A general rule for making new businesses recently came to my mind. It is pretty simple on conceptual level. Think about something others do not like to do and build a product or service around it.
This is a far-fetched entry point to a lesson on leadership I’d like to remember: leaders are willing to take jobs no one else is willing to do.
“Leaders perform tasks that are not their job.” – John C. Maxwell, The 360 Degree Leader.
Of course, they do so without complaining. But that’s another story.
If I were to name the qualities of a good co-worker or subordinate, “reliability” would be definitely among them. I’d like to be able to count on that person. Oftentimes, this would require getting out of their comfort zone, doing something boring or particularly difficult.
Here’s something disputable:
A project manager shouldn’t be interested in the project’s business objectives too much.
This fuzzy statement comes from a recent discussion with a friend of mine. When dealing with projects we often hear about business cases. Project Managers are obliged to update business cases. However, from the PRINCE 2 methodology’s point of view (for example), business cases are owned by Sponsors. And that’s good.
A Project Manager is not responsible for the business results specified in the business case; he or she is responsible for developing the agreed product, preferably within standard time, budget & scope constraints.
The project manager’s goal is the deliverable. The what, not the why.
Once again the quote comes to my mind:
“Management is doing things right, Leadership is doing the right things!” – Peter F. Drucker
You have to trust my memory on that one. I haven’t got any links or quotes. But the results of the experiment I want to refer to are very interesting. If anyone can provide a proper reference or refute my arguments entirely, I will appreciate that very much.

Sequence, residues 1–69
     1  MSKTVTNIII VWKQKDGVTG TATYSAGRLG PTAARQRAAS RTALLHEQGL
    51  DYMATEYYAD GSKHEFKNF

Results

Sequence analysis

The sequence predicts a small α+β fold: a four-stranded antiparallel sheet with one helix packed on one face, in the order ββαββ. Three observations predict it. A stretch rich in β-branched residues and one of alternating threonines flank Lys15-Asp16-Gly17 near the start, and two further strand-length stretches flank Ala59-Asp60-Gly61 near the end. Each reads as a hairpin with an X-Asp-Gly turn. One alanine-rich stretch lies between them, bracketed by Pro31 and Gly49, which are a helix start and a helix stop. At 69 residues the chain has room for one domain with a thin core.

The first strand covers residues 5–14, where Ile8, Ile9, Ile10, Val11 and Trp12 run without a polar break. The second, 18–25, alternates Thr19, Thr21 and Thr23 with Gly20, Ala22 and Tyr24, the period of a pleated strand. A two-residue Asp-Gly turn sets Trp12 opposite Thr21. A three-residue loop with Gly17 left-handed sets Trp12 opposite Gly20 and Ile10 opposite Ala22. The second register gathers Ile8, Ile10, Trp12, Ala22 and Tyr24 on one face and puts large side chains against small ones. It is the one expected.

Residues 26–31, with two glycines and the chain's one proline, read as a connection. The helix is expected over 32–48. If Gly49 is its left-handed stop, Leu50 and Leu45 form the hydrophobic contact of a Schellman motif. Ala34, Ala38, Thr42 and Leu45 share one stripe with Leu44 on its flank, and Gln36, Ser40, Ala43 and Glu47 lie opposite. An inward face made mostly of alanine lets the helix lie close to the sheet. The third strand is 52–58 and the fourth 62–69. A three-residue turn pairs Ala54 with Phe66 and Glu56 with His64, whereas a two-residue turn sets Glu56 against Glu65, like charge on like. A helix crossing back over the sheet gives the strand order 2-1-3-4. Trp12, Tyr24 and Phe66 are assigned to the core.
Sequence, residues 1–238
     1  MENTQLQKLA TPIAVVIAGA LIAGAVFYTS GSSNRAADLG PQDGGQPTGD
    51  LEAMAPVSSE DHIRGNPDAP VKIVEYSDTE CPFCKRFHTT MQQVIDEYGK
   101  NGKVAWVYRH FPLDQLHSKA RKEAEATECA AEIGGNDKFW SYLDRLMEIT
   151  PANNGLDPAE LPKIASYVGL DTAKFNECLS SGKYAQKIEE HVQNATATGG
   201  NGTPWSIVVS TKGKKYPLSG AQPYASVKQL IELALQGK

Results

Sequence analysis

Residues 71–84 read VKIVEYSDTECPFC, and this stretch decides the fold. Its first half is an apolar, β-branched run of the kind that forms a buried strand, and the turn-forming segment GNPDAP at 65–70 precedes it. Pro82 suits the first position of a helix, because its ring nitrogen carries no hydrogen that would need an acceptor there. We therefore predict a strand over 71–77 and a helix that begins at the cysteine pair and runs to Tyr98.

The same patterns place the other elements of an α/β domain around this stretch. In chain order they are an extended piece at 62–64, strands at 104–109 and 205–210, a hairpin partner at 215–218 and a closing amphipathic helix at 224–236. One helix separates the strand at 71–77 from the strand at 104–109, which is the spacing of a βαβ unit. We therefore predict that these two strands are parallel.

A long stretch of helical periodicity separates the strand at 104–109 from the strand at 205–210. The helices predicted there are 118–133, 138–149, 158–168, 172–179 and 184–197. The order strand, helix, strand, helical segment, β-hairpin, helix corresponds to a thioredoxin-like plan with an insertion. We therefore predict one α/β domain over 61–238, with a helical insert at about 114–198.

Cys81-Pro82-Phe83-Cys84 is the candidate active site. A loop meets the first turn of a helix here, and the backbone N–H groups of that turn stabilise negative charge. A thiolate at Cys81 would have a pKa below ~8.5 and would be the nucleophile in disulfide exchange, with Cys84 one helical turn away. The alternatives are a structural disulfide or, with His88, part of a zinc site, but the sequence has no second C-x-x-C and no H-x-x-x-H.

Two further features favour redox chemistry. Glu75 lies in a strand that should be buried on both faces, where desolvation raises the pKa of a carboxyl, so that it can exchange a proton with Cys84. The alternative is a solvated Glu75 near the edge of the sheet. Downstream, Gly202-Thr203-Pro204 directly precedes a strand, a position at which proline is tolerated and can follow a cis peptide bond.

An experiment on decision-making was carried out – two groups of participants were posed questions (problems) and were asked to come up with solutions. One group consisted of people who held managerial positions. The second one – “normal people” 😉
The results? Leaders were apt to decide quickly. Faster than representatives of the second group. However, the number of correct decisions was similar in both groups.
Quite interesting, don’t you agree? Perhaps I’m wrong, but I believe speed is something that can be developed, especially with practice. Actually, I think that oftentimes it isn’t relevant whether the decision a leader makes is good or bad (don’t quote me on that one, please). Not infrequently, we aren’t able to verify the results anyway (i.e. we aren’t able to consider all variables that made the end result up).
I believe real progress depends on the workers. A leader needs to be decisive. A leader needs to be fast.
When my wife and I decided to get a dog, we started reading books on dogs. Most of those books had some kind of behavioral background. Probably the reason is that dogs follow the reaction-to-stimulus pattern so… hm… effectively. They seem to “remember” both the stimuli and the reaction as if they were one. Not much rational thinking in terms of cause and effect there. But I don’t intend to get into that today.
According to specialists, the world out there is a dangerous place in a dog’s eye, ear, nose… whatever. After reaching a certain age, from a dog’s perspective, all people, animals, mechanical devices (etc.) are potentially hostile. In order to protect the pack (or family, for that matter), a leader is absolutely necessary. The practical effect is this – if you as an owner (or someone from the family) won’t be inclined to show a bit of “leadership,” if you won’t “fake it until you make it,” there’s a big chance your dog will assume the position of the leader. Those of you who own a dog know that’s not the best way to go.
A far-fetched conclusion with regard to the world of men…
Every group needs a leader. Even if the only role of that person is to have the last say when there is no consensus between other members. This position is present naturally. It’s a position where strength matters – be it mental or physical. Be it real or faked. In the end, anyone can take it.
A man is a creature of habit. When something is part of our daily presence, we tend to stop noticing it.
Something literally hit me a couple of days ago. When thinking about the male part of our species, one aspect comes to mind in particular – war. Men fight. Men have fought for ages. The ideal of a man – a warrior, a hero – is omnipresent even now. Characteristics of strength, stamina, fierceness or dexterity haven’t been forgotten yet. We adapt our eternal values to the current state of affairs, e.g. we refer to the art of war when thinking about business, we compare team leadership to commanding troops, we define a man’s strengths in “fighting terms”. “Winning”, “winners”, “win-win”… Some things don’t change so fast.